Tablets are not point-and-shoots
The Nexus 9 comes with Lollipop's new stock camera interface. I'm not too crazy about it--I couldn't figure which way to swipe in and out at first.
I'm still shocked at the number of people who use a tablet to shoot candid family moments. I'm of the belief that the only reason these particular devices have cameras in the first place is for easily connecting with others through video chat. That said, both the Nexus 9's rear-facing 8-megapixel camera and front-facing 1.6-megapixel camera aren't too bad at taking photos or streaming video through Google Hangouts. In fact, the biggest caveat of the rear-facing camera is the fact that the lens physically sticks out. That seems out of place on a tablet that, may I remind you, isn't meant to replace your point and shoot.
Don't forget your charger
I was not particularly impressed with the Nexus 9's battery life, but I also didn't expect much from a 6,700mAh battery pack powering a 9-inch 2048x1536 resolution display. Compare that to the Nexus 10, which has a 9,000mAh battery pack.
On standby, the tablet was fine. It was on Wi-Fi all night, receiving notifications and such, and only burned through about 30 percent of its power. Other top tablets have far longer standby time. I had to charge the tablet every single day that I was actively using it, however, and I'm pretty used to going three days without having to plug in either of my smaller tablets.
I'll have the results of our official battery test up soon.
A delicious Lollipop
Android 5.0 is almost an entirely different Android than what you're used to. It's not only sporting the bolder-colored, simpler, more cohesive Material Design, but every other part--from the keyboard to the Settings menu--feels like Android has finally grown up. It's the most professional version of Google's operating system I've ever used, and I'm particularly impressed with the new animations and the way they make the interface feel more interactive.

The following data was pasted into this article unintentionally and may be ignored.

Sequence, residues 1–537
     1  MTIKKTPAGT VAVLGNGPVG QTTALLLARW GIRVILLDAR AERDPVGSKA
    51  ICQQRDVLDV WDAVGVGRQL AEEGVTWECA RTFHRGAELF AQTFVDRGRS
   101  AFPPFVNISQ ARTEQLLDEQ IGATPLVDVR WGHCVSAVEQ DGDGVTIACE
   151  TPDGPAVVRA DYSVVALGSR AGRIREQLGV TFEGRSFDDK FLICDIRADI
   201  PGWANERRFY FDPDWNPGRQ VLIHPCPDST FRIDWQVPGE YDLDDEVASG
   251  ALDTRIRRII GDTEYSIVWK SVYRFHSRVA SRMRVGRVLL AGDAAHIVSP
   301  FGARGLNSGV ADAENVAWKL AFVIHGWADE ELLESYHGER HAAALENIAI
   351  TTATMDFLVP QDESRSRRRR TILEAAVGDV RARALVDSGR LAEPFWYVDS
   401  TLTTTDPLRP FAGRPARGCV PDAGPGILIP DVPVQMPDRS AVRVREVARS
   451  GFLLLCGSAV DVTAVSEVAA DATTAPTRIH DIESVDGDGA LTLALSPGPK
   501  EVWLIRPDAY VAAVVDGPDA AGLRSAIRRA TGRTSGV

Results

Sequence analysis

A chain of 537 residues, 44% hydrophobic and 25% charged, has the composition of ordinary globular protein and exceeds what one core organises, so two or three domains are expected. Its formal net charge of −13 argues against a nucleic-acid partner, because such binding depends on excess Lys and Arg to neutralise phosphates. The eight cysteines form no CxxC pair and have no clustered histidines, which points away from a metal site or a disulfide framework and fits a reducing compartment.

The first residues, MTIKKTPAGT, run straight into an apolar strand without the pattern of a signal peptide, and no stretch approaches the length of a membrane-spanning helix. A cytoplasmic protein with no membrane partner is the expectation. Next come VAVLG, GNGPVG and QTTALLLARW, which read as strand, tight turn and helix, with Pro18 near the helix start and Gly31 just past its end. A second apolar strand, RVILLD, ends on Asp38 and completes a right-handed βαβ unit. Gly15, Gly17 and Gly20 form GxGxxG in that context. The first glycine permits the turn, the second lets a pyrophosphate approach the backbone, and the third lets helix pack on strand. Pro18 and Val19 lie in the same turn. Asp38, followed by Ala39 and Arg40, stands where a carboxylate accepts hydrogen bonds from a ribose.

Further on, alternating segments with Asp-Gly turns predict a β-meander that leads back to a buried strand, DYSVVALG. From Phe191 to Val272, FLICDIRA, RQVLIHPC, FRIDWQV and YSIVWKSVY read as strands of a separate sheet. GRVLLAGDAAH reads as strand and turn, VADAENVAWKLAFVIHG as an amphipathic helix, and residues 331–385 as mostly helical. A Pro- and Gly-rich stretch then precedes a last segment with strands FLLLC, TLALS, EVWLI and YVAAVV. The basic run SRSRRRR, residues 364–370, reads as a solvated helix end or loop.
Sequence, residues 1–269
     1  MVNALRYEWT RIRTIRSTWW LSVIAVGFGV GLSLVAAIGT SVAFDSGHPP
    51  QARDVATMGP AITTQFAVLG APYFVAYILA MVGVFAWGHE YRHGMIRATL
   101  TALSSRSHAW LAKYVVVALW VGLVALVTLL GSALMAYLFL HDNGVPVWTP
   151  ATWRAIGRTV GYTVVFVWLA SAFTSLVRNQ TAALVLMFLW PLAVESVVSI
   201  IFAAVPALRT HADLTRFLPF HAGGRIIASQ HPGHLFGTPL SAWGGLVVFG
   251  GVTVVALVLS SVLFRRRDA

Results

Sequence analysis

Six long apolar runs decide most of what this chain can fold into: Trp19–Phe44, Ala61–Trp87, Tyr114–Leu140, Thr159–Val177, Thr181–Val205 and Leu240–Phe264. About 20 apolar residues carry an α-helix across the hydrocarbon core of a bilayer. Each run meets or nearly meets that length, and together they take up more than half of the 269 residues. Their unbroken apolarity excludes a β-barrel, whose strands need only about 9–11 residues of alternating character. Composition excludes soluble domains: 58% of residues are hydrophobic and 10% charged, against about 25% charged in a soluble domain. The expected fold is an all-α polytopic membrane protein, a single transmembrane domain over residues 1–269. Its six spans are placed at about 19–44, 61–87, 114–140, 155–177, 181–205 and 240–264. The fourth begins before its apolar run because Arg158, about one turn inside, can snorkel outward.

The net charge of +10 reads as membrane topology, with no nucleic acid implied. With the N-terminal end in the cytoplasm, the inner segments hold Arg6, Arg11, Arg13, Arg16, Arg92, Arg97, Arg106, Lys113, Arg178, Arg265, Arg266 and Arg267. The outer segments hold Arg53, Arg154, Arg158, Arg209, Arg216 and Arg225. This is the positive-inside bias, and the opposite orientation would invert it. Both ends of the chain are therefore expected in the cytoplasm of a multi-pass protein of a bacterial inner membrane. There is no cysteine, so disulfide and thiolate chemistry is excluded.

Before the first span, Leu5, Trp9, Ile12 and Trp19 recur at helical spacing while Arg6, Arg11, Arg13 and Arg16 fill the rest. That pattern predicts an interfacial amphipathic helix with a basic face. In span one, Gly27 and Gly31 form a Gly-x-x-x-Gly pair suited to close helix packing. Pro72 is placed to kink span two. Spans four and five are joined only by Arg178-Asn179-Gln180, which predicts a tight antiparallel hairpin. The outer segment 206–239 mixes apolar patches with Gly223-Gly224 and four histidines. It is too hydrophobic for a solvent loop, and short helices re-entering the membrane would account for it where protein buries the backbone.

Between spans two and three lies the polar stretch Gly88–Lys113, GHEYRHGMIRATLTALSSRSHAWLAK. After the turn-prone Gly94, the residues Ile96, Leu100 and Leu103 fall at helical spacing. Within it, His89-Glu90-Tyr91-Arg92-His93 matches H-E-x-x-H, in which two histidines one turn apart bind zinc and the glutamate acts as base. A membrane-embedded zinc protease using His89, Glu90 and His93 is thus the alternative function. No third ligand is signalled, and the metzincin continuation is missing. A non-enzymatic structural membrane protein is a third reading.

I still feel like Google could do more with Android's tablet interface, however. It still just feels like a big wasteland of wallpaper with a few icons scattered here and there--that's about it.
This is completely stock Android, so it's devoid of the same bells and whistles you'd get with a Samsung or LG tablet. It does come with some of Google's new apps, like Google Fit and the revamped Gmail and Calendar apps, but even the wallpaper choices are slim pickings. We'll have a thorough review of Lollipop and its new features and apps in the coming weeks.
Android's new future
Although it's manufactured by HTC, the Nexus 9 is all Google. The plain black chassis, stock Android, and powerful processor will be fun for developers and diehard Android fans to tinker with, but I wouldn't suggest the Nexus 9 to a not-so-techie family member. I'd much rather steer them towards a second-generation Nexus 7 if they're looking for a reading device running stock Android, or the 8.4-inch Samsung Galaxy Tab S for its bigger screen and stylish outfitting.
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